The first night at home was uneventful, but that is exactly what I wanted. No interruptions, in my own bed, and next to my wife. This beats a room and a bed in a hospital every day of the week and twice on Sunday. Even with having to wear that basically antique CPAP headgear when I am sleeping, at least I am home.
Waking up after my first night at home was almost surreal. Like the last three weeks had not happened. In that sleepy twilight right after a person wakes up... In that small period of time that the mind can't easily pick out reality from the sleepy subconscious place where our dreams reside... My mind actually is able to forget the recent events and the physical issues I have endured. I am... me again. For just a very short time while my mind clears and starts the differentiation between the real and the dreams... I am me. The old me. The me before cancer. Damn, this feels good. Maybe I dreamed all this and now I am finally waking up. Slowly my eyes open. Lea Ann is still asleep next to me. I understand why some people enjoy watching others sleep. So beautiful and peaceful. Looking around the room, the way the light is filtering through the curtains and mini-blinds lets me know it is still very early in the morning. Not long after sunrise actually. I can hear the music from the radio that we always play at night. It helps to drown out the sounds that tend to wake us up, like my CPAP machine, or the the dogs of the man that lives behind us, or the sirens that travel up and down the major road we don't live that far from. It's our alternative to white noise. Plus it has a beat and you can dance to it. I also slowly start to notice a strange new sound. A deep thrumming hum. That's odd. Anyway, as I continue the early morning wake up, the first morning yawn comes on, and what usually accompanies that? A good stretch. So I do... and reality lands on my head, or rather on my abdomen which in turn quickly shakes up my brain. The stretch causes me to arch my back crunches the incision there and stretches out the incision on the stomach. Not to mention that the yawn is not a good one as my breathing still is not right and I can't take a full intake of breath. Reality is back... Dammit.
Time to get up because Mother Nature has decided that it has been too long since I have been in the bathroom. I am currently unable to sit up the usual way in the bed, in the sit-up style as most people do because my stomach is far from ready for that, but I have to get up. Rolling slightly onto my left side, I put my elbow on the edge of the bed with my hand up in the air. With my right hand, I grab the left and try pressing down, using it as a crutch and as a lever too. Slowly I am able to get into a sitting position, but my damned arms are both shaking like hell by the time I am. Luckily the mattress we have is one of those that doesn't transfer movement, so Lea Ann is able to stay asleep. The walker is folded up and leaning against the wall next to the archway that goes into the bathroom. I reach over and grab it, pulling it over and unfolding it, albeit quietly. Pulling it in front of me, I use it to stand up slowly. Legs still are not quite right and not nearly as strong, but they are working. I have to stand for a few seconds to gain my balance and make sure that I don't get light headed. If I am going to fall, I want it to be on the bed. Soon enough the feeling of stability comes and I shuffle into the restroom to get a little relief.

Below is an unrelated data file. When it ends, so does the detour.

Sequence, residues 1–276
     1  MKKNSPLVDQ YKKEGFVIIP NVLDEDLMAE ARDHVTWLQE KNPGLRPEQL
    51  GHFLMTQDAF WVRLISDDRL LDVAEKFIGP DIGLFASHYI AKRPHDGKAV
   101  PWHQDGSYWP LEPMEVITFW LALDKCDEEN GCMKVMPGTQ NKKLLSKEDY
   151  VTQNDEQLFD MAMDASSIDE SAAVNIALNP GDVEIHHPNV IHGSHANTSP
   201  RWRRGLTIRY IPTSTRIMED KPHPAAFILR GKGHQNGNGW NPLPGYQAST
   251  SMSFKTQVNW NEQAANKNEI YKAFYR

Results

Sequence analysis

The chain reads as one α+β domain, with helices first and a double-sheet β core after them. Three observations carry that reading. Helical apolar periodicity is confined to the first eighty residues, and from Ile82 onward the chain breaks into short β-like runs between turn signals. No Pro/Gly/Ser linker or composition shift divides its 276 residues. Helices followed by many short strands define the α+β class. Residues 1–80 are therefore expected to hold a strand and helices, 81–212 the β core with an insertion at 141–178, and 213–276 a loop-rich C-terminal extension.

Later that morning I eat. Not a lot. Just a single packet of oatmeal. Lea Ann attempts to get to to drink a protein shake, but I back away from it after a few sips as usual. I hate that aftertaste, no matter how much Lea Ann tries to cover it by adding chocolate syrup or fruit or whatever else... Someday maybe I will get used to it, but not today. After bringing me the shake, Lea Ann goes into the bedroom comes back with the BP cuff, the pulse-ox monitor and the log for my stats. She used to be a CNA several years back in Illinois before we met and knows how to take BP and all. She is taking this logging of BP, oxygen saturation and weight very seriously. BP is down for me but still a bit higher than usual. it runs high in our family as a rule. When I was 18 it was as high as 165/100. Its not that high today, but still above average. Oxygen levels are in the mid to high 90's, which is very good, but I do still have the oxygen on. My weight this morning was right around 240. I have lost 120 pounds since originally seeing the doctor about the problems eating and swallowing about 5 months ago. I'm not too worried about it, but Lea Ann seems to be. I'm dropping weight like a bad habit. She has even mentioned that she wonders if I may be developing an eating disorder. If it keeps up I am sure she will bring it up to the home health nurse and the doctor at one of the myriad appointments in the near future. I just need to find a less radical diet plan. She is also worried because I am still not walking much and talking even less. Not to mention I am still not using the breathing therapy tools they sent me home with. And she is right in all regards, I am just not seeing it. I just want to sit on my butt in my recliner and watch TV. I'll get better over time. Little did I remember that the physical therapist is coming today. That means so much for sitting on my butt. At least for a while after the therapist gets here.